37 Things You Can Do for Free in Las Vegas
What to do when the slots are through with you.
Did you put all your savings into GameStop and AMC stock? Buy Bitcoin at the wrong time? There are plenty of reasons to be short on cash right now, but here's the good news: there's a lot of stuff to do in Las Vegas that won't cost you a dime. A few familiar free attractions (like the million-dollar cash exhibit at Binions and the Fall of Atlantis animatronic show at the Forum Shops) remain on hiatus after closing during the pandemic. Others are back in full swing. Just remember—while social-distancing restrictions are dropping by the day, you may still be asked to wear a mask on occasion. So bring one along just in case. Ultimately, the best plan is to be vaccinated when out and about. Be prepared and be safe while saving a few bucks on all the free stuff to do around town.
Take on a new sense of optimism with a visit to the Wishing Tree inside the Grand Canal Shoppes (on the second floor of the Venetian's Palazzo tower). Modeled after an Italian olive tree, the 20-foot-tall art installation is decorated with gold leaves and glass birds nesting within the branches. Scan a posted QR code to unlock an Instagram filter, allowing you to record a personalized wish, hit a button, and watch it swoosh into the branches on screen.
There are perks to visiting the Downtown Container Park after sundown. After going into hibernation during the pandemic, the outdoor shopping plaza's oversized praying mantis mascot is back in action near the front entrance. The 40-foot-long motorized insect likes to shoot fireballs from its antennae, often in sync to music.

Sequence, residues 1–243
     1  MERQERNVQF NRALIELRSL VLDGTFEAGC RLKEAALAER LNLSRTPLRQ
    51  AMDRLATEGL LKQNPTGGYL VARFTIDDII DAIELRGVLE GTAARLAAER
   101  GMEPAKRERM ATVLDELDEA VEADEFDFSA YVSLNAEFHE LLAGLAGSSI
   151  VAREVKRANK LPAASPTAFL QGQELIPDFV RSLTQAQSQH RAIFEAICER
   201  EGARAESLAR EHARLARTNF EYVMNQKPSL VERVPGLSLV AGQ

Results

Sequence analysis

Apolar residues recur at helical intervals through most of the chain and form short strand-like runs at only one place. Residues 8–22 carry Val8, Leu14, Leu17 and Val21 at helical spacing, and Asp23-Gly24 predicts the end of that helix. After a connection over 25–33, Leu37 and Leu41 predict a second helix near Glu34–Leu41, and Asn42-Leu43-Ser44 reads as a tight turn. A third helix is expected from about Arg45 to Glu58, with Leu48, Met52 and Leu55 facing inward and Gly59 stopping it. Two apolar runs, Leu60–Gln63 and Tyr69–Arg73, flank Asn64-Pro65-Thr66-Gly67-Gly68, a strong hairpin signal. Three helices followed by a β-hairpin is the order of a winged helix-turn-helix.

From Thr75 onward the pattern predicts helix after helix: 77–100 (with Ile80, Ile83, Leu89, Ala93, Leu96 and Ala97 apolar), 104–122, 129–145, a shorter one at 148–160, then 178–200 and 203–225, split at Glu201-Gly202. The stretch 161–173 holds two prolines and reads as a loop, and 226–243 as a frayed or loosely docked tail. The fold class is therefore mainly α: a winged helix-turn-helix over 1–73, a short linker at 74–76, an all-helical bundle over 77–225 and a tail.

If you don't have the money for a Cirque ticket, here's the next best thing. Free circus performances are back with a full schedule at Circus Circus. Shows at the Midway happen every hour Saturday and Sunday starting at 12:30 pm, Mondays starting at 1:30 pm, and Tuesday–Friday starting at 3:30 pm. Come by and see clowns, jugglers, aerialists, and more. The Flying Poemas, a trapeze act from Argentina, provide the biggest thrills.
The artsy block party known as First Friday takes place, as the name suggests, on the first Friday of every month. After going digital during much of the pandemic, the event is welcoming visitors back in person with limited capacity. It helps to RSVP in advance. First Friday is the perfect opportunity to get familiar with the Downtown Arts District while enjoying a beer garden, art exhibits, music, and food.
It's a few miles east of the Strip, but locals love Mystic Falls, an indoor park at the Sam's Town casino with a wild west mountain theme. Walk among the trees and you'll hear the sounds of birds chirping, wolves howling, and a rolling waterfall underneath a towering atrium. After going quiet for most of last year, laser and light shows resume on June 1, taking place every-other-hour between 2 pm and 10 pm.
Light up your Instagram feed with casino-themed art
It seems only natural for art and commerce to collide in Las Vegas, where Playstudios is recruiting local artists to design installations inspired by its MyVegas Bingo mobile game. The commissioned works, collectively known as Lucky Numbers, are oversized 200-pound bingo balls that make for convenient selfie stations. See for yourself at the front entrance of Mandalay Bay, near the volcano at the Mirage, under the Brooklyn Bridge at New York-New York, in the lobby of the Excalibur, and next to the check-in desks at the MGM Grand.